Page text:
Investigation launched into provenance of Dutch Royal Collections' colonial objects
The foundation that manages the heritage of the Royal House has commissioned an independent study into the colonial origin of artwork and other objects in the collection. “The research is essential for answering the question of the legality and fairness of managing these properties,” announced the Historical Collections Foundation of the House of Oranje-Nassau (SHVON). Queen Máxima is the chair of that foundation.
In recent years, a great deal of attention has been paid to the colonial origin of works of art in Dutch museums. Last month, Indonesia asked the Netherlands to return eight pieces from art and natural science collections for this reason. An independent committee will also be formed to examine requests for the return of items from colonial collections. This topic was on the agenda when State Secretary Gunay Uslu for cultural policy recently visited Indonesia.
The research into the heritage of the collection held by the Dutch Royal House will be carried out by a committee made up of members appointed by SHVON. Rudi Ekkart will chair the committee. Ekkart is an art historian and the former chair of the Netherlands Institute for Art History.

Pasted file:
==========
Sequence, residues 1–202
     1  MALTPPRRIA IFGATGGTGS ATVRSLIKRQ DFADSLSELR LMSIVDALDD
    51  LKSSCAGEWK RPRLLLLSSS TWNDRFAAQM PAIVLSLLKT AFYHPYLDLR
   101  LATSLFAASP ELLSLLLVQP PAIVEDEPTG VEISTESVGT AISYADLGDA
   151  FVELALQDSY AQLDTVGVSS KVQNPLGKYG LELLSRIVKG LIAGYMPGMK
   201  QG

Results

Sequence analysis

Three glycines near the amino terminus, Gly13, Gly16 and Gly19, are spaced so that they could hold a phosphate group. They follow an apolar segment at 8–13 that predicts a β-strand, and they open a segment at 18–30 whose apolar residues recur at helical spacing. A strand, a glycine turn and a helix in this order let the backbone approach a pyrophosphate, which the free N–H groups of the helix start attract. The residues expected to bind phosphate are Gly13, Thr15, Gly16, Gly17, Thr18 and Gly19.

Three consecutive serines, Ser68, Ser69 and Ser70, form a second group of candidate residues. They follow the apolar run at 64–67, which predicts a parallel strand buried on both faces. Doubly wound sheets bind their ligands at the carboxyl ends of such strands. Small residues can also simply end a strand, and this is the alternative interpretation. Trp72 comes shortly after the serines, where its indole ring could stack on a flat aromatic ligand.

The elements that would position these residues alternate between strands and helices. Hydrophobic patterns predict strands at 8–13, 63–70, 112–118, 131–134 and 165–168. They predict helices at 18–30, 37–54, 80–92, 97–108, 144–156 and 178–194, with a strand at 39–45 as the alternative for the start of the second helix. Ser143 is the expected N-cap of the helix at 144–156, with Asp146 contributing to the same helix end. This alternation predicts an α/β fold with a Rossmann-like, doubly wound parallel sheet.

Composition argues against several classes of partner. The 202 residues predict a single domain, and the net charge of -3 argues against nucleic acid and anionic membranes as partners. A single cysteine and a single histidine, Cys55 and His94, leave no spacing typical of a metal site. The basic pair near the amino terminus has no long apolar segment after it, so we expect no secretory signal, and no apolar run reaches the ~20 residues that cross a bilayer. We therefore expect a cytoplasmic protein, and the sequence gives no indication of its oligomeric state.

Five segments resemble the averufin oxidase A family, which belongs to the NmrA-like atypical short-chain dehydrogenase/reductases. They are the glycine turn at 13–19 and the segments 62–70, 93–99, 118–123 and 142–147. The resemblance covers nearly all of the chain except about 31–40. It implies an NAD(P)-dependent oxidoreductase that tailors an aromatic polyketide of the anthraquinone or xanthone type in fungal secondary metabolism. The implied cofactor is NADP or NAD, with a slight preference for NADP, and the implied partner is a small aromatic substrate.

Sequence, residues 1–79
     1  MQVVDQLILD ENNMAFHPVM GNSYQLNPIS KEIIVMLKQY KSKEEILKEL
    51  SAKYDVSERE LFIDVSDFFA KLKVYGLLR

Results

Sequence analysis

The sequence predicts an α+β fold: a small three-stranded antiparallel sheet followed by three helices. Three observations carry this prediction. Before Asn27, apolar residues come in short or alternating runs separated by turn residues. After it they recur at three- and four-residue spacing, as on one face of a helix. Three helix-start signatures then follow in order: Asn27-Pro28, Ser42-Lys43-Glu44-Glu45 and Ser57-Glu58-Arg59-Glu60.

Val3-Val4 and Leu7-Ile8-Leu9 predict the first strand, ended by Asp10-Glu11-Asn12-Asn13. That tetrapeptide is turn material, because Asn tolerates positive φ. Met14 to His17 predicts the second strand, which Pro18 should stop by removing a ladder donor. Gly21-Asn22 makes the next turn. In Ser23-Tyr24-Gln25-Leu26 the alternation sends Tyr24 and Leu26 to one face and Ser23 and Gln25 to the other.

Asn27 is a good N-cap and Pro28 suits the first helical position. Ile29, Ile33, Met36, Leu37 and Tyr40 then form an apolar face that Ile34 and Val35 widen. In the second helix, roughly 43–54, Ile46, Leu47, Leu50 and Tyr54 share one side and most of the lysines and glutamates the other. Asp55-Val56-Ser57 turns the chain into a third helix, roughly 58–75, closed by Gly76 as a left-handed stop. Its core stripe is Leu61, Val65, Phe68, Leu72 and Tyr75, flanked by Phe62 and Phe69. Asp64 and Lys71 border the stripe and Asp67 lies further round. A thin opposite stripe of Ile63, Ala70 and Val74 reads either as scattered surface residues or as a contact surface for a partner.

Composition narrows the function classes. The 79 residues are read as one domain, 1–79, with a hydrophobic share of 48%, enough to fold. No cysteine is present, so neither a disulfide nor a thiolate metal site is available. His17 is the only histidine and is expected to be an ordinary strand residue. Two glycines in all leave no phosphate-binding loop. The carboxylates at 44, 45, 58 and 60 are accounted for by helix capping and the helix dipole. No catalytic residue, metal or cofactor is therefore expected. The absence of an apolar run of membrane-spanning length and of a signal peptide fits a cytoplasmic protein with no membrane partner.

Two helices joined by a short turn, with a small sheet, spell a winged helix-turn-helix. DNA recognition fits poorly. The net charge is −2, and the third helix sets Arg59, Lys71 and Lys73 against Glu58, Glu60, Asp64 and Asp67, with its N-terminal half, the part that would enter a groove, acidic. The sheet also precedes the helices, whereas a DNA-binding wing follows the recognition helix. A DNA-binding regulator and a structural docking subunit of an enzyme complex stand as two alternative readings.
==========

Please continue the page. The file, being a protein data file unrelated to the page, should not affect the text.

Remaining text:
He previously conducted research into the provenance of works of art that were looted during the Second World War. The committee also consists of the Head of History at the Rijksmuseum, Valika Smeulders, and historian Martin Bossenbroek.
In 2015, Ekkart was on a committee that presented an investigation into the museum objects that have come into the possession of the Royal House since 1933. It turned out that the royal family owned one work of art that was stolen from its Jewish owners by the German occupiers during the Second World War.
The Royal Collections are privately owned, but the commission’s recommendations will “seek as much alignment as possible” with the government’s policy for colonial collections. The investigation will take at least a year and a half.
The heritage collection of the Royal House consists of all kinds of objects, said a spokesperson for the government and royal family’s communication office. These include paintings, wood carvings, correspondence and also items like crockery, cutlery and vases. Only the objects of colonial origin will be studied.